To evaluate the effect of intravitreal triamcinolone acetonide–moxifloxacin at the time of cataract surgery on central macular edema in patients with preexisting diabetic retinopathy.
Loma Linda University Eye Institute, California, USA.
Retrospective observational clinical study.
Retrospective chart review included 75 eyes of 64 patients who had cataract surgery between February 2015 and October 2018 performed by 2 surgeons. Intravitreal injection of triamcinolone–moxifloxacin (15 mg/1 mg/mL, 0.2 mL injection with 3.0 mg triamcinolone acetonide and 0.2 mg moxifloxacin) was given at the time of surgery. Visual acuity and central macular thickness (CMT) with optical coherence tomography were recorded at preoperative and postoperative visits.
Mean visual acuity (logarithm of the minimum angle of resolution) at 4 to 6 weeks, 6 to 12 weeks, and 12 weeks or more postoperatively was 0.32, 0.35, and 0.43, respectively. Baseline mean CMT of 75 eyes was 294 μm (SD = 72). Mean CMT 4 to 6 weeks postoperatively for 46 eyes decreased from 299 μm (78) to 297 μm (79), with a mean decrease of 2 μm (50) (P = .97). Mean CMT 6 to 12 weeks postoperatively for 34 eyes increased from 317 μm (88) to 344 μm (111), with a mean increase of 26 μm (98) (P = .021). Mean CMT 12 weeks or more for 60 eyes increased from 295 μm (72) to 328 μm (108), with a mean increase of 33 μm (85) (P = .0023).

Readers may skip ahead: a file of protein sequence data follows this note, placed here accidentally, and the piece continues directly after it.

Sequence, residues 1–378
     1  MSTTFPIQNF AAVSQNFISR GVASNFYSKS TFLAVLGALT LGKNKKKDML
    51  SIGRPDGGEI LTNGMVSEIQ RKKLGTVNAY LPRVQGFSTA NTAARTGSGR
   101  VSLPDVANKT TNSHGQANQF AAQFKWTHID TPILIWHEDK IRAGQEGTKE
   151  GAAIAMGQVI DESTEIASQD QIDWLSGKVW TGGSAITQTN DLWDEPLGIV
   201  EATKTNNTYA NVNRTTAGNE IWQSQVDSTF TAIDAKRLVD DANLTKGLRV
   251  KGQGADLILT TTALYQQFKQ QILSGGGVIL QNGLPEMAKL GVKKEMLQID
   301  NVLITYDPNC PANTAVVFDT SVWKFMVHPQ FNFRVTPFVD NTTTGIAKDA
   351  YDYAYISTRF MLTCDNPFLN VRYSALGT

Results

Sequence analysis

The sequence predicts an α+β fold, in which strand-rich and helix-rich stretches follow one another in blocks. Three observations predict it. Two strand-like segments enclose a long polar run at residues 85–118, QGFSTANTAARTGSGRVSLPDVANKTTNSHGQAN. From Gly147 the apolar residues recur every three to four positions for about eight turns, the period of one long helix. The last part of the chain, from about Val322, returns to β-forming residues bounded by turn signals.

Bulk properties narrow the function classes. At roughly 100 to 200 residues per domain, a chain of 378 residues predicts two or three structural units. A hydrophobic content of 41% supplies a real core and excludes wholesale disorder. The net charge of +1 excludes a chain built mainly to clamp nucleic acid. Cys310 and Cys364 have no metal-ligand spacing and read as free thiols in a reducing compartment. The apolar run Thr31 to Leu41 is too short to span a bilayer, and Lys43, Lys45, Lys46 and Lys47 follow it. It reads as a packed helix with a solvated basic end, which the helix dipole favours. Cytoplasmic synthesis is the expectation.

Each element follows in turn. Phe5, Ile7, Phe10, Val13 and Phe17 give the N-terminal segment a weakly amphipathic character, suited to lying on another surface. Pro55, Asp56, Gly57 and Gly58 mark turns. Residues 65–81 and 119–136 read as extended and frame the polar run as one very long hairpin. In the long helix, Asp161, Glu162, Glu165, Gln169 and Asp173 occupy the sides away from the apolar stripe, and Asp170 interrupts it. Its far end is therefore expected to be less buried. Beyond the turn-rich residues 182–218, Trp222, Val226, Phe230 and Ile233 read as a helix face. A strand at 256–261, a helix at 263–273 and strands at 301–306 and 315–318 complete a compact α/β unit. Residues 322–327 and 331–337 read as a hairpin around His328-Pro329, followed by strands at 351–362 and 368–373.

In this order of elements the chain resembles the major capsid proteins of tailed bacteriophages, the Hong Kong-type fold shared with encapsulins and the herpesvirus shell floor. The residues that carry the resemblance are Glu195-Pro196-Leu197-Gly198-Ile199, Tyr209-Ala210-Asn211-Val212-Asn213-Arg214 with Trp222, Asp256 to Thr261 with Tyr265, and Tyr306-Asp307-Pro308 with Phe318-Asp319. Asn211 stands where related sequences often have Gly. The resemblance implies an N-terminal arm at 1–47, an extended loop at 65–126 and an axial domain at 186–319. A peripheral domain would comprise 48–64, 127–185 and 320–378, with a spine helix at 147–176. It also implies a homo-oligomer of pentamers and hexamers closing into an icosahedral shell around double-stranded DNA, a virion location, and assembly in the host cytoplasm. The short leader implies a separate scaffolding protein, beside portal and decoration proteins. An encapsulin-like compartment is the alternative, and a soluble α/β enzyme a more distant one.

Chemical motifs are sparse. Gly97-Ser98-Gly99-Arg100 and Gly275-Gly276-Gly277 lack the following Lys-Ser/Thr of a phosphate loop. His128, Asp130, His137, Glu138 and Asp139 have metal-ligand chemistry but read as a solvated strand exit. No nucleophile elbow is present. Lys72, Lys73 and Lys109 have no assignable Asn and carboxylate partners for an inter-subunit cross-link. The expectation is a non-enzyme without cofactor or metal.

Triamcinolone acetonide–moxifloxacin maintained stability of postoperative CMT in patients undergoing cataract surgery with preexisting diabetic retinopathy in the short term, with the greatest effect at 4 to 6 weeks postoperatively.